When Should You Get an MRI With Contrast?

It may seem like there’s a simple answer to this question: You should use a contrast agent during your MRI scan when your radiologist tells you to. However, given that you don’t need a doctor’s referral to schedule an MRI at a BestPriceMRI.com facility unless you need a contrast agent, it’s worth understanding which types of MRI scans typically need the resolution boost that comes with contrast media.

Most MRI contrast agents contain a substance called gadolinium, which helps to create a clearer image of the tissues and organs that radiologists target. There are two ways of introducing gadolinium-based MRI contrast agents to the body:

  1. Oral Administration – Radiologists may ask patients to swallow contrast agents. This technique brings the substance to the stomach and the G.I. tract, and is useful in creating well-defined images for MRI scans of these areas.
  2. Intravenous Injection – To obtain images of most tissues, radiologists will order a shot of contrast dye to the appropriate area or system. This injection can be confined to the circulatory system or it can collect in certain organs, like the spleen or the lymph nodes. Certain contrast agents directly target tumors, as well.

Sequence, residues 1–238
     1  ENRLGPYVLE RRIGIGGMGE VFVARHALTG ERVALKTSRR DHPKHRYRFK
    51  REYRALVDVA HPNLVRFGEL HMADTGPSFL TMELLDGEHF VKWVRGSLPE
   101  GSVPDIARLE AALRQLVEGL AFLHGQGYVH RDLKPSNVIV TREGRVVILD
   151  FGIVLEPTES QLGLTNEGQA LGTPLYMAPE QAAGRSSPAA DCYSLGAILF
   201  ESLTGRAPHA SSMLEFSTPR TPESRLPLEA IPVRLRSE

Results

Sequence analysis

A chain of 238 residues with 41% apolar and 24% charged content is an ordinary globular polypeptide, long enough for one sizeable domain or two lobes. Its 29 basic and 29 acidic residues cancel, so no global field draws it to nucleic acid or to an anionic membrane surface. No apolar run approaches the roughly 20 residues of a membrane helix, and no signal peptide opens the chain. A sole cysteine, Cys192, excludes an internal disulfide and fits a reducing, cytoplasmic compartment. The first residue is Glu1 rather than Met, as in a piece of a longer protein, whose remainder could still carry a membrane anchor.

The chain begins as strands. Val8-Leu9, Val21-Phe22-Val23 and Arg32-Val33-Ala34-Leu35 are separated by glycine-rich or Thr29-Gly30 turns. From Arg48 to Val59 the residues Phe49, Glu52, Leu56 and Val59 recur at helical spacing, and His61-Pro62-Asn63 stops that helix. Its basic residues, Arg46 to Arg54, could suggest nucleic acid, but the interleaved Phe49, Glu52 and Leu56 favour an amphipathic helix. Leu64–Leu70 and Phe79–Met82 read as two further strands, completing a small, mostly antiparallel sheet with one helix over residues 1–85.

Assuming a patient doesn’t have kidney disease, and that there’s no chance they’re pregnant, radiologists are likely to order the use of a contrast dye when they need a clearer image to make a diagnosis. Here are a few common conditions in which imaging staff may use a contrast agent during an MRI scan:

  • Suspected Heart Abnormality – Because gadolinium agents easily travel throughout the bloodstream, creating greater contrast in veins, arteries, and the heart, the use of a contrast dye can often improve diagnosis of heart conditions.
  • Real-Time Study of Blood Vessels – MRI scans can show the flow of blood as it occurs, allowing doctors to study and diagnose vascular diseases with the use of a contrast agent.
  • Cancer Diagnoses – If a doctor suspects cancer in a bodily organ, the radiologist might use a contrast agent during an MRI. Gadolinium can create a much clearer picture of blood vessels. Malignant tumors can be spotted by the profusion of new blood vessels that come with them. By showing the presence of high concentrations of blood vessels, MRI scans with contrast can help diagnose cancer.
  • Tracking Inflammation – Inflamed tissues are clearer in MRI scans that use contrast, so radiologists may order the use of gadolinium when diagnosing conditions that involve inflammation.
  • Scans of the Brain, Spinal Cord, Bones, and Soft Tissues – Depending on the level of detail that radiologists need when looking at a wide variety of bodily tissues, they may order the use of contrast media. Of course, MRI machines themselves are improving year after year. Today’s technology can create images that are clear enough even without contrast agents, so their use is on the decline.

If you have a question about contrast dyes or any other aspect of an MRI, talk to your radiologist. Your medical team will be able to explain the rationale behind the use of one of these substances.

When you need a quick, convenient, and highly accurate MRI scan, with or without contrast, call BestPriceMRI.com at 888-322-7785.